1889-1946, Joseph E. Johnston Camp 94 U.C.V.
Beginning in the 1880s, Civil War veterans from both sides wished to celebrate the camaraderie and memory of their war experiences and sacrifices. Small groups of Limestone County Confederate veterans met informally to socialize and reminisce, and in 1888 they began meeting annually in the spot where Jack's Creek enters the Navasota River. In 1891 the veterans organization affiliated with the United Confederate Veterans, and became the Joseph E. Johnston Camp No. 94, named for the commander of Confederate armies in Virginia and Tennessee. With this affiliation, the camp grew exponentially, and became one of the largest camps in the state of Texas. They bought twenty acres of land around Echols Spring in 1892, to be followed by several later purchases, and laid out streets, sold privileges to vendors for the sale of food and drink during the annual reunions, built two pavilions, obtained a Civil War era cannon, and made provisions for a full-time caretaker to watch over the site. By the end of World War I, the gatherings continued but on a smaller scale. In 1946, the charter of Camp 94 expired and the grounds fell into disuse.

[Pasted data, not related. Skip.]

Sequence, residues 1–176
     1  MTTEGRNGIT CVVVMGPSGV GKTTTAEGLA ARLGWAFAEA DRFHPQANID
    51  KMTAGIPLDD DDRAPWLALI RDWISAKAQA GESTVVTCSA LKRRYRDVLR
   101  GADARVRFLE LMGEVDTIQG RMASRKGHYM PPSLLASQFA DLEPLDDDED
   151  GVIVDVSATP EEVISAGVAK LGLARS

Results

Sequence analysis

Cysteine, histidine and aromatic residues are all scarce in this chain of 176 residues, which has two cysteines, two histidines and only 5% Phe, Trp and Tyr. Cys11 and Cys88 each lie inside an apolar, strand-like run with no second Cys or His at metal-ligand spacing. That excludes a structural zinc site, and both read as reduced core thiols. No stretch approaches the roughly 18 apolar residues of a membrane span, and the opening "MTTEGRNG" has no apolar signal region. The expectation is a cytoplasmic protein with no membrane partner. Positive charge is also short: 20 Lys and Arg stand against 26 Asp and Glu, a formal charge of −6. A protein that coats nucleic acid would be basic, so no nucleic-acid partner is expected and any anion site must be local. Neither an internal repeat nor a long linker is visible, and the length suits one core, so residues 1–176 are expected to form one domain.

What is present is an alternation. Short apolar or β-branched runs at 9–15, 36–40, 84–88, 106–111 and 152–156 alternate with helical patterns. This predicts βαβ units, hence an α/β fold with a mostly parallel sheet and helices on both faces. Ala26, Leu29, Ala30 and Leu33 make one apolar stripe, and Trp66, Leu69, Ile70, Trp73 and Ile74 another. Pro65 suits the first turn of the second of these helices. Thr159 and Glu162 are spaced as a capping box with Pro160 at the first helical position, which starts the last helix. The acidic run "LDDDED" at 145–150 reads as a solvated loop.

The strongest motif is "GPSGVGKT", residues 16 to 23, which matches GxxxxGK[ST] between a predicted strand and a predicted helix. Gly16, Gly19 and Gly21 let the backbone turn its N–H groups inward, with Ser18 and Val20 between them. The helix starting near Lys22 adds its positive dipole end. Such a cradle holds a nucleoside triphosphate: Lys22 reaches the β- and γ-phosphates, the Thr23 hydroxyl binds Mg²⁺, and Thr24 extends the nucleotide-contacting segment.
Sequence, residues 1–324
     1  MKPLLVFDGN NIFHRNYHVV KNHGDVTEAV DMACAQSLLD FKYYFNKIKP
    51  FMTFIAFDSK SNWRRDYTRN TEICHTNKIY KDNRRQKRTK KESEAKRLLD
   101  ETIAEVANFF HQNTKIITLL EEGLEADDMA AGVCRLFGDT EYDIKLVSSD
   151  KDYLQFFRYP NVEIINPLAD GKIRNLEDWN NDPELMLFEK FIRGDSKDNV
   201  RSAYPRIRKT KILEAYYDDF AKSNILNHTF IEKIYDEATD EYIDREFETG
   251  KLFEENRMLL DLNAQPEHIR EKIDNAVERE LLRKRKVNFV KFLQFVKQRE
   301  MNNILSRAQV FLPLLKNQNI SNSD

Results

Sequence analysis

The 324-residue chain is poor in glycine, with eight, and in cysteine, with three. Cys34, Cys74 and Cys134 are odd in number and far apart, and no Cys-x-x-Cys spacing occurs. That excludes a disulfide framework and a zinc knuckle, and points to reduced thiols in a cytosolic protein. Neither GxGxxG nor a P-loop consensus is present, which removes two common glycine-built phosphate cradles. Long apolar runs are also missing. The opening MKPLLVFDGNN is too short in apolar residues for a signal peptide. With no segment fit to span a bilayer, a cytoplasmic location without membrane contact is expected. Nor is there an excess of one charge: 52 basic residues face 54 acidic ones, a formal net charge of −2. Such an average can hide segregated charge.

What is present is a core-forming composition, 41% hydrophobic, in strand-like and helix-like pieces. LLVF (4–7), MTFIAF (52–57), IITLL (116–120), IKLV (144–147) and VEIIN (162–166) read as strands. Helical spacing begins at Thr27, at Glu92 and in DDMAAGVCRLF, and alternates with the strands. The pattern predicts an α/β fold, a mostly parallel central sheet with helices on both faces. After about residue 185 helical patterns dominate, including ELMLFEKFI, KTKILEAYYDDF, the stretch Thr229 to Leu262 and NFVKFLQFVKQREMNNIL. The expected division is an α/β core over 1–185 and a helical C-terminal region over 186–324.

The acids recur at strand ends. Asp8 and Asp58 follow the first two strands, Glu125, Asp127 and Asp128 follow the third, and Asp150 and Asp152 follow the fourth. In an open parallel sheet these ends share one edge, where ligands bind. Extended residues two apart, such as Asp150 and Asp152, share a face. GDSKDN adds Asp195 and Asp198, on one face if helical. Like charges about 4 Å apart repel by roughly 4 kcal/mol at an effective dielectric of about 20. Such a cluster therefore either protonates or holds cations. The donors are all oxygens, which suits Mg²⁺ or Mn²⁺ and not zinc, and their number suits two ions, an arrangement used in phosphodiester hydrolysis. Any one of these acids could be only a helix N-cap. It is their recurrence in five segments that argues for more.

Confederate Reunion Grounds SHS
1738 FM 2705
Mexia, Texas 76667
Office phone 254-472-0959
Cell phone 254-716-3730
Visit The Confederate Reunion Grounds (CRG) website for more information on this state historic site.
The CRG is part of the Texas Historical Commission's historic properties.
The images in this collection are research and public education only. To use these digital files in any form, an attribution of "Courtesy of the Confederate Reunion Grounds Historic Site" must accompany the image.